Setting Up Shop
Like moving in any home, you’ll have to start with furniture, but having a homestead also means you’ll need to create entertaining space for family and friends, and, likely, you’ll need tools to upkeep your home and participate in your hobbies. One example here is making sure everyone has enough sleeping space. You only have three bedrooms, for example, and need one for a home office, you may need to have a pullout couch or a kids’ room with bunk beds (there are many different types of bunk bed examples on MorningChores.com).
When your retirement also includes running a home-based business, you also want to research Florida LLCs. Forming your LLC is important when buying a new home because it does offer some protection for your personal assets. Keep in mind, especially if you’re moving from one state to the next, that each location will have different regulations forming your business structure. Plan to use the formation service instead of an expensive attorney to ensure your LLC is formed correctly and legally.
When your retirement day finally comes, you do not have to conform to anyone’s ideals. You’ve worked your entire life to do what you want and now is your chance. If you want to enjoy more time with friends and family, having space where you can spend time together might make more sense than moving into a traditional retirement setting. Talk to your realtor about options available in your preferred area, and then let the dreaming begin. When you’re ready to find a property for retirement and beyond, let the Vero Beach Team be your eyes and ears on the ground. (772) 696 2359
Is the Real Estate Market Going to Crash?
While many areas of the economy have contracted, the housing market has stayed remarkably strong. But can the good news last?
When COVID-related shutdowns began in March, real estate brokers and clients scrambled to respond to the shift. Record-low interest rates caused some lenders to call a halt to new underwriting, and homeowners debated whether or not to put their houses on the market. However, those first days of uncertainty ushered in a period of unprecedented demand in the U.S. real estate market, which ended the year with increasing average home prices (up 13.4% from the previous year) and shrinking days on market (13 fewer than in 2019).1
Now, as the spring market approaches, you may be wondering whether the good times can continue to roll on. If you’re a homeowner, should you take advantage of this opportunity? If you’re a buyer, should you jump in and risk paying too much? Below we answer some of your most pressing questions.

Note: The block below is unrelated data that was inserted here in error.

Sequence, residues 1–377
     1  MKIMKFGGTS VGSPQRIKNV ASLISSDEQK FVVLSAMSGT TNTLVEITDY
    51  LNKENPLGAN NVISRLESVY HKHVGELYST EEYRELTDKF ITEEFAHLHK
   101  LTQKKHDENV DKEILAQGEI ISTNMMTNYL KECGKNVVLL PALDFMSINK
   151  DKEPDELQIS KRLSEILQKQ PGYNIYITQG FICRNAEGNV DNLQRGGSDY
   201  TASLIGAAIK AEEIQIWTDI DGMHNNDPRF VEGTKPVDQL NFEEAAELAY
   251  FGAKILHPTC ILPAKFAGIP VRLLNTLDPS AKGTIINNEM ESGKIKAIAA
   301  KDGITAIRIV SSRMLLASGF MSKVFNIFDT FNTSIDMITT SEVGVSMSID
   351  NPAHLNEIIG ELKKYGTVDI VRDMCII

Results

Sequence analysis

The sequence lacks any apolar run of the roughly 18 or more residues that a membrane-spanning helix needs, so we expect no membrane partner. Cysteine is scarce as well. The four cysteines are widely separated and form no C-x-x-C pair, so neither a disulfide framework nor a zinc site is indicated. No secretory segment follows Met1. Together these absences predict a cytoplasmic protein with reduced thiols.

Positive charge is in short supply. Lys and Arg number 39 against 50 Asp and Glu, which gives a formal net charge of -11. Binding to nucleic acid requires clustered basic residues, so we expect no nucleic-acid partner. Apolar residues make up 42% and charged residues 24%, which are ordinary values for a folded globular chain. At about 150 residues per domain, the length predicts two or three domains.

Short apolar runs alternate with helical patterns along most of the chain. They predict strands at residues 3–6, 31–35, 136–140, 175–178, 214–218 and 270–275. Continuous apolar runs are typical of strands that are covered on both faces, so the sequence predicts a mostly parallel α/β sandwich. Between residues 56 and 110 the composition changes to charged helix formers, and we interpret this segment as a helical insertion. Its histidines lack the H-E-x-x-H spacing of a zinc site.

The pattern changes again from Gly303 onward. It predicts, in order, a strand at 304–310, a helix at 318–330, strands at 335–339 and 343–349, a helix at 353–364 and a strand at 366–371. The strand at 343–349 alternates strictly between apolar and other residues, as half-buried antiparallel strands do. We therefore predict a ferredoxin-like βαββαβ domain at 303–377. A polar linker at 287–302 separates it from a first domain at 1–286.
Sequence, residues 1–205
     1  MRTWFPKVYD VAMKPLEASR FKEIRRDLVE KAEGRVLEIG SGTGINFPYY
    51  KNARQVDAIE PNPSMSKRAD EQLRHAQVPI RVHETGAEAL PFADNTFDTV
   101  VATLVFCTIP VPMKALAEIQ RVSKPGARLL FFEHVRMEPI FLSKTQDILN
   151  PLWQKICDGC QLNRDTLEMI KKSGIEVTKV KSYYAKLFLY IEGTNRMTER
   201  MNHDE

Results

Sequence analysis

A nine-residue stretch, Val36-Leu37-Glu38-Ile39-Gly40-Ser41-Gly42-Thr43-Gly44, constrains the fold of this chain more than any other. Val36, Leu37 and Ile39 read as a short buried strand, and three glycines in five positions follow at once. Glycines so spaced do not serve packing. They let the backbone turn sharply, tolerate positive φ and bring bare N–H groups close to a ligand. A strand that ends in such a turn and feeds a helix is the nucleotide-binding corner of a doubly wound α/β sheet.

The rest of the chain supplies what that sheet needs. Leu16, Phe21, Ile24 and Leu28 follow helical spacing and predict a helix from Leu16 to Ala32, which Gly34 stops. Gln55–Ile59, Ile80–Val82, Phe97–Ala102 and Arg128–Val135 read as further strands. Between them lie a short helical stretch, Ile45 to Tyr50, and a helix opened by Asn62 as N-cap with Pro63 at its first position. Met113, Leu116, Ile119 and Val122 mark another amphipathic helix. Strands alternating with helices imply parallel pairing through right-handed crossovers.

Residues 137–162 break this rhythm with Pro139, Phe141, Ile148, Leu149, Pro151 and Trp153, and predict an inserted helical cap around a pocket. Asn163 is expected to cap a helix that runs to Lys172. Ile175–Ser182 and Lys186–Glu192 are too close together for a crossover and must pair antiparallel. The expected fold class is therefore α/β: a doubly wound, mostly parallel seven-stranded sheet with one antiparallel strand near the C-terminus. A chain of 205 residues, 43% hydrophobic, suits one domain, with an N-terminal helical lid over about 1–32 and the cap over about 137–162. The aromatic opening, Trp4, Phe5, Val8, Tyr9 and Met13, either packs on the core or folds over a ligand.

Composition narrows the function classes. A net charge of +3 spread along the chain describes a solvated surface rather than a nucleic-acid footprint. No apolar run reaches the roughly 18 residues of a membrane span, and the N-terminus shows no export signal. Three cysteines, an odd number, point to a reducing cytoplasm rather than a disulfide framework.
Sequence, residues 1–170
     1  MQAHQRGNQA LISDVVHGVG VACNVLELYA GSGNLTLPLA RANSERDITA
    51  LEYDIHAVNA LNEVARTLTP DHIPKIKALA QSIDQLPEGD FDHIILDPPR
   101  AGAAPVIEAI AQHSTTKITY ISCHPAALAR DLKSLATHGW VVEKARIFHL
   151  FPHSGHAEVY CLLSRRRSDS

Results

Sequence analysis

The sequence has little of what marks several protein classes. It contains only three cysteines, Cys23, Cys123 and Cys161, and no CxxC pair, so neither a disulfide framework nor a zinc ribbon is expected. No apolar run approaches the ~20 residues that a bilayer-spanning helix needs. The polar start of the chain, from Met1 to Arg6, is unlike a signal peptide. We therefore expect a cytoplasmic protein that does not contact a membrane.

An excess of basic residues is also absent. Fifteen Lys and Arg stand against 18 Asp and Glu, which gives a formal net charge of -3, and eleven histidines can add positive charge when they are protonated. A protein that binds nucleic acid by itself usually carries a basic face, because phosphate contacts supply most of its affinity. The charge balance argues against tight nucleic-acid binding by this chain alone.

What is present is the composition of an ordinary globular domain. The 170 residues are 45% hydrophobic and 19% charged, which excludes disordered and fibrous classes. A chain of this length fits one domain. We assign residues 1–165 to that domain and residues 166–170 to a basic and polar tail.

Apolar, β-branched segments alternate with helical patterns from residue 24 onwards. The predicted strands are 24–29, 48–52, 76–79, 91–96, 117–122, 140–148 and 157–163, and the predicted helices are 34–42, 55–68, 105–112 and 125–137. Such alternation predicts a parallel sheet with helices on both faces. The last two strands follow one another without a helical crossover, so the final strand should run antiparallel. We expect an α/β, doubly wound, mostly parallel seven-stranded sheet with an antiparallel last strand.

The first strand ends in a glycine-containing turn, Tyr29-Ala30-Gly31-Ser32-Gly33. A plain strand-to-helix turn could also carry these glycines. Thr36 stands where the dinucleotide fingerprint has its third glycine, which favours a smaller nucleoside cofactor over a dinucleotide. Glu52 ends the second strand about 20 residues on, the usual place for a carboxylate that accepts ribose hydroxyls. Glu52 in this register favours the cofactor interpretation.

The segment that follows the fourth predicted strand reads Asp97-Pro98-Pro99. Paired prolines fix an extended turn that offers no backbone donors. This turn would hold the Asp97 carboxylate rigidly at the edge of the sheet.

How is today’s market different from the one that caused the 2008 meltdown?
At the beginning of the pandemic, fears of an economic recession and an ensuing mortgage meltdown were top of mind for homeowners all across the country. For many buyers and sellers, the two seemed to go hand in hand, just as they did in the 2008 economic crisis.
In reality, however, the conditions that led to 2008’s recession were very different from those that triggered the current downturn—and this time, the housing market is the source of much of the good news.2 This is in line with historical patterns, as housing prices traditionally hold steady in the face of recession, with homeowners staying put and investors putting their money into bricks and mortar to ride out uncertainty in the stock market.
This time around, because of lessons learned in 2008, banks are better funded, homeowners are holding more accrued equity, and, crucially, much of the economic activity is focused on financial factors outside the housing market. As many industries quickly pivoted to work-from-home, early fears of widespread job loss-related foreclosures have failed to materialize. Federal stimulus payments and the Paycheck Protection Program also helped to offset some of the worst early effects of the shutdown.
Are we facing a real estate bubble?
A real estate bubble can occur when there is a rapid and unjustified increase in housing prices, often triggered by speculation from investors. Because the bubble is (in a sense) filled with “hot air,” it pops—and a swift drop in value occurs. This leads to reduced equity or, in some cases, negative equity conditions.
By contrast, the current rise in home prices is based on the predictable results of historically low interest rates and widespread low inventory. Basically, the principle of supply and demand is working just as it’s supposed to do. In addition, experts predict a strong seller’s market throughout 2021 along with increases in new construction.3 This should allow supply to gradually rise and fulfill demand, slowing the rate of inflation for home values and offering a gentle correction where needed.
Effects of low-interest rates